Interview with Dub Gabriel (Part 2 of 2) [Listen 31:40] Gathering the voices of the Revoultion with Dub Gabriel S04 Ep04
Special Guest: Dub Gabriel (Part 2 of 2): is a producer, DJ, multi-instrumentalist, and is one of the biggest names in dancehall, dubstep, and global bass to come out of the U.S. and is one of the most in-demand and respected dub producers in the world. He has worked with a diverse set of musicians including Michael Stipe (of REM), Reggae Toasting legend U-Roy, the Scientist, punk icon Keith Levene, David J, Balkan Beat Box, and many more. His new album “Raggabass Resistance” is an ambitious project taking three years to make, spanning continents and brings together an array of artists and musicians all collaborating on the album.
Dub Gabriel is set to release his 4th album, Raggabass Resistance, on limited vinyl on the 20th of April. The fantastic list of collaborators include: U-Roy, Warrior Queen, The Spaceape, Brother Culture, Jahdan Blakkamoore, Dr. Israel, MC Zulu, Juakali, PJ Higgins, David J, Pedro Erazo, and Mark Pistel
What's Going On?
David Bowie and Bon Jovi, battling it out on the charts. Dylan and ZZ Top putting out an album that made top ten on many lists. It's a world that seems more familiar in the early 70's than 2013. I'm not knocking the music, the music's pretty good. It's just that these events are a little unfamiliar in such a great quantity. I've always gone back, looking for gems throughout the ages and discovered some truly remarkable gems that shine timelessly. You might want to take a look at the Little Jimmy Scott interview that we did in the first season to get a grasp on what's out there when you do a little scratching. Click Here
But for these artists to be making such an impression on today's charts really seems unprecedented. To put this in perspective, it's more like Bing Crosby busting through the charts in the 70's amongst Led Zeppelin and Janis Joplin. Ya, those days saw great change in music, but for purposes of illumination, you see what I mean.
it's more like Bing Crosby busting through the charts in the 70's amongst Led Zeppelin and Janis Joplin.
Combative types might say that Tony Bennett had a hit record 1n 1970 with "Tony Sings the Hits of Today!", but that's not quite the same. And he's only one man, (yes Tony, you are) and there's more than just the occasional old rocker making it into today's charts and making an impact. The music's amazingly good from these stalwarts, and it's so much better to see than burnouts being pressured by record labels to turn out whatever crap gets made. But Besides the music being good, the question remains why these gentlemen still gather so much popularity. What might contribute to the success of these figureheads of the 70's is that classic rock stations seem to play the same songs, and while I won't criticise their success, I still can't stand to listen to a classic rock station. The songs never change. They really haven't changed for 20 years, and ya, most of the tunes they play are solid, but there's so much more that's good that doesn't get played, (I guess they don't stack up to advertisers ratings, etc.) But their popularity with the mainstream might depend, in part, to these classic rock stations that never change their rotation. Fancy that.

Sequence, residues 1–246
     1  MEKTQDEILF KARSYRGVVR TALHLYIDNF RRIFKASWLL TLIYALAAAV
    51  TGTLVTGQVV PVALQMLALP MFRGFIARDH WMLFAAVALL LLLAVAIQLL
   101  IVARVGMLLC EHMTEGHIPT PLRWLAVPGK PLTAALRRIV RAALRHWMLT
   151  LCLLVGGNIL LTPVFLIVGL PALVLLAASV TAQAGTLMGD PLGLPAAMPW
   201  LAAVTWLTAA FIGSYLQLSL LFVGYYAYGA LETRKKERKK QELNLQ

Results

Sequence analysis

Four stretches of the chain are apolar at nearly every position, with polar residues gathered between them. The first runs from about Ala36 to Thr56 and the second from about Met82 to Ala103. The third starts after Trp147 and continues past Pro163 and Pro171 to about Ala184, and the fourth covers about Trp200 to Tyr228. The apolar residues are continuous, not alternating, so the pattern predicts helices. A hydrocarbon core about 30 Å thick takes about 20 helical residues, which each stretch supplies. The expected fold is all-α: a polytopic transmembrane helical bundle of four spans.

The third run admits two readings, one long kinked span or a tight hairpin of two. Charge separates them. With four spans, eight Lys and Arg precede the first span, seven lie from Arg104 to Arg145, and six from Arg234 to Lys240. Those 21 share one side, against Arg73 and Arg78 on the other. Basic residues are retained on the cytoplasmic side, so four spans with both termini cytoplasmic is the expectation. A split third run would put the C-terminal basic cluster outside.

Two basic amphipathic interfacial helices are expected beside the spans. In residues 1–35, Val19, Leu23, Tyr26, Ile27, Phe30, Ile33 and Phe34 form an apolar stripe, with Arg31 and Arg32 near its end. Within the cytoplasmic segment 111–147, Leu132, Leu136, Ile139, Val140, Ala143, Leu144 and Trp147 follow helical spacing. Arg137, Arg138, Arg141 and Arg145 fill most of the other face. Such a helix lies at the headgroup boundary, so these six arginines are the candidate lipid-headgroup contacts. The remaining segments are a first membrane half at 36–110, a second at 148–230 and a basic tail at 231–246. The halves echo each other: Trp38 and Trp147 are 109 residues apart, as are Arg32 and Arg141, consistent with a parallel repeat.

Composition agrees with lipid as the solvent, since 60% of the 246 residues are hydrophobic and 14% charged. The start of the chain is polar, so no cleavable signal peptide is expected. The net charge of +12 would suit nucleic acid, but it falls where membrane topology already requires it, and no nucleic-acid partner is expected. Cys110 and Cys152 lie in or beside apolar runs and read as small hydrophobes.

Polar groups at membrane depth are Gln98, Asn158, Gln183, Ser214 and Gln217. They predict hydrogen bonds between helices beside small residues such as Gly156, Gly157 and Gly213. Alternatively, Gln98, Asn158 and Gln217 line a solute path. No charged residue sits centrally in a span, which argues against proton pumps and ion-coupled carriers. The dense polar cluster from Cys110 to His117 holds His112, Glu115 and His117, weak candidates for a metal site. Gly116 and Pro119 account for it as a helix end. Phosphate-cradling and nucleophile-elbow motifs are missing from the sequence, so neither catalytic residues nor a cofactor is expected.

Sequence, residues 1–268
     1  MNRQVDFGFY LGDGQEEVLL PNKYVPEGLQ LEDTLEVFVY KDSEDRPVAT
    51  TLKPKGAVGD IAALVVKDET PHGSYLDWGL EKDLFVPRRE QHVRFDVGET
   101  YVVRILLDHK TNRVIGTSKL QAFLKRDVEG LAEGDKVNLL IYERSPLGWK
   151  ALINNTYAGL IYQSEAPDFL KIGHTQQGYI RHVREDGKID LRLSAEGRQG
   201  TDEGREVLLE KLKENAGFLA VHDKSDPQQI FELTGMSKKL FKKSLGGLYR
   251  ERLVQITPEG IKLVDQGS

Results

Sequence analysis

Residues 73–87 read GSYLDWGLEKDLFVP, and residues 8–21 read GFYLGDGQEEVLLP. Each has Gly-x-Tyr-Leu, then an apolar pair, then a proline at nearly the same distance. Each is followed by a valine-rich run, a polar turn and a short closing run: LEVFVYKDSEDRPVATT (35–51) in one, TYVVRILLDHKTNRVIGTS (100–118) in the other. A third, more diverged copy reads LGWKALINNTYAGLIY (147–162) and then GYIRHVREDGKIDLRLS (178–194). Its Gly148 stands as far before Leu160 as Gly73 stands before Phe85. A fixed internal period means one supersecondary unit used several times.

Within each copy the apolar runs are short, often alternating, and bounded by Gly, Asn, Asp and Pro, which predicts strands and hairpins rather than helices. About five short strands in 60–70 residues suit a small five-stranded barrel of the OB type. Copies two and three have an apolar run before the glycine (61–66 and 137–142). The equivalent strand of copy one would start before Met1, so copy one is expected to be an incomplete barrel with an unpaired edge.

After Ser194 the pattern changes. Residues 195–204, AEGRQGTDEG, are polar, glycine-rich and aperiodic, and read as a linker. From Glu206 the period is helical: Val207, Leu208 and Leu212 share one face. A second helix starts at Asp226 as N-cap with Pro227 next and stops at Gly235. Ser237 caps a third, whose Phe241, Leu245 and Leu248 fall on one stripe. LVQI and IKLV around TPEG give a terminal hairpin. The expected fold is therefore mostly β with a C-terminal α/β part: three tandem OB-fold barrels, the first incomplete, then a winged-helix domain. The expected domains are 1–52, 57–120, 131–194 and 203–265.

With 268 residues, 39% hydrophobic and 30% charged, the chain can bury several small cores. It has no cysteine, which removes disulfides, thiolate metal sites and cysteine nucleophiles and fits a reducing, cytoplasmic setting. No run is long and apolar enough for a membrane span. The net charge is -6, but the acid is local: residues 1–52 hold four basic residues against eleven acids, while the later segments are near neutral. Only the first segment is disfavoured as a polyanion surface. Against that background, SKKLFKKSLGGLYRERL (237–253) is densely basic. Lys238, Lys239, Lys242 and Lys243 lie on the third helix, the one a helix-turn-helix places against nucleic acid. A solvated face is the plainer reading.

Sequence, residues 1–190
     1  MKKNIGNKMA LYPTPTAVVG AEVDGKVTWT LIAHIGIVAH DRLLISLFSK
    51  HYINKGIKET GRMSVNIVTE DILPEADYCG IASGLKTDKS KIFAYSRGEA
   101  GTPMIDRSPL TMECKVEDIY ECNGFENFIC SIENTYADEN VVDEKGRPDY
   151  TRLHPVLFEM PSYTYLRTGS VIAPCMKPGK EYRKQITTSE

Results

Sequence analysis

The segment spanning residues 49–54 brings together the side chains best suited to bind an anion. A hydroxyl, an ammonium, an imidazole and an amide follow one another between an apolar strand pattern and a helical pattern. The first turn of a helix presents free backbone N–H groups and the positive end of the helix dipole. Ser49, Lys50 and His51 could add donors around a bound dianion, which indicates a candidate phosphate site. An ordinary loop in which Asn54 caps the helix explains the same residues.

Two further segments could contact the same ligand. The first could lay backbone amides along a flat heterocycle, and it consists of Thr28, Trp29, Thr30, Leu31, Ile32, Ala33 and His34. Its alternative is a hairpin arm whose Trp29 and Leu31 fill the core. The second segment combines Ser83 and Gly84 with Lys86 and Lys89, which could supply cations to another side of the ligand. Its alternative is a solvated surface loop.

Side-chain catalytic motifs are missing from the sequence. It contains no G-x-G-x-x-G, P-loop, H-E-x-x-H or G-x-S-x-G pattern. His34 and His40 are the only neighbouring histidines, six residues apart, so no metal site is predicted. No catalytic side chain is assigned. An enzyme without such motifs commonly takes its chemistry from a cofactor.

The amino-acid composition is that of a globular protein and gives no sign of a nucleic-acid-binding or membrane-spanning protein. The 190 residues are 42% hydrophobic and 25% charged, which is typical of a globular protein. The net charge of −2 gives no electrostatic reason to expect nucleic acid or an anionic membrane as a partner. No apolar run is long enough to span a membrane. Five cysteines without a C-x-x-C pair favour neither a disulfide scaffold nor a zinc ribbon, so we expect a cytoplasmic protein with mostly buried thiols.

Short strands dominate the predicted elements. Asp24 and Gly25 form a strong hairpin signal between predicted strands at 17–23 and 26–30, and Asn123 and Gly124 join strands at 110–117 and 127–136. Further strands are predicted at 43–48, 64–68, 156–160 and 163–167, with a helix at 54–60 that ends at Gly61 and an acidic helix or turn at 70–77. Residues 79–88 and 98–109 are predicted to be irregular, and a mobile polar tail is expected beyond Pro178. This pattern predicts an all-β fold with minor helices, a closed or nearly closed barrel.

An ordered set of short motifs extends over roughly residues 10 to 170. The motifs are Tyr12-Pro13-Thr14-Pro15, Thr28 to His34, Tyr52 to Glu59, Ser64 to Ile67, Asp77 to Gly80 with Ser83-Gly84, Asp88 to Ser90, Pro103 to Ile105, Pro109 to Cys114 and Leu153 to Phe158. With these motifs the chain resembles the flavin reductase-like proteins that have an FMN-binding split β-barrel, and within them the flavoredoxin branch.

"Tony Sings the Hits of Today!"
Another reason why these greats of the classic rock era are continuing to produce is simply because people happen to be living longer. In the usual course of events a few decades earlier, statistics would have had these guys knocked off a decade ago. Heart attack, and stroke being the best candidates. Besides people generally living longer, it's the advancements in medical science that keeps the living going strong. Bowie already had a heart attack, and Dylan almost succumbed to a fungal infection in his lungs some 15 years ago. I suspect this trend will continue, and when it does, imagine what the music scene will be a few decades from now when we get some of the great pop divas still writing songs after they've got something like 90 years of experience of writing pop hits since their sexualized pre-teen breakout days! I can't wait.
If Marijuana means you’re mellow and chilled, and Cocaine means you’re jumpy and corporate, then heroin means you’re in for the long haul. Drugs have been a big part of the music scene right from the beginning, and no other drug represents “Suffering for the arts” more than Heroin. Heroin has been both demonized and glorified in the music media and it’s easy to see why. With artists like Iggy Pop, Martin Gore and Lou Reed walking around somehow being able to travel through the abyss and come out the other end. It’s not hard to see why someone might attribute the drugs that their favourite artist takes being at least a factor in what made them stronger, more creative or having lived a more interesting life than the rest of us. The draw for drugs like heroin seems to be a romantic one; one that has the unwritten promise of becoming a ‘troubled artistic genius’ if you just do it the right way. An idea that a zillion of the greatest artists in rock ’n’ roll have signed up for, just to be paid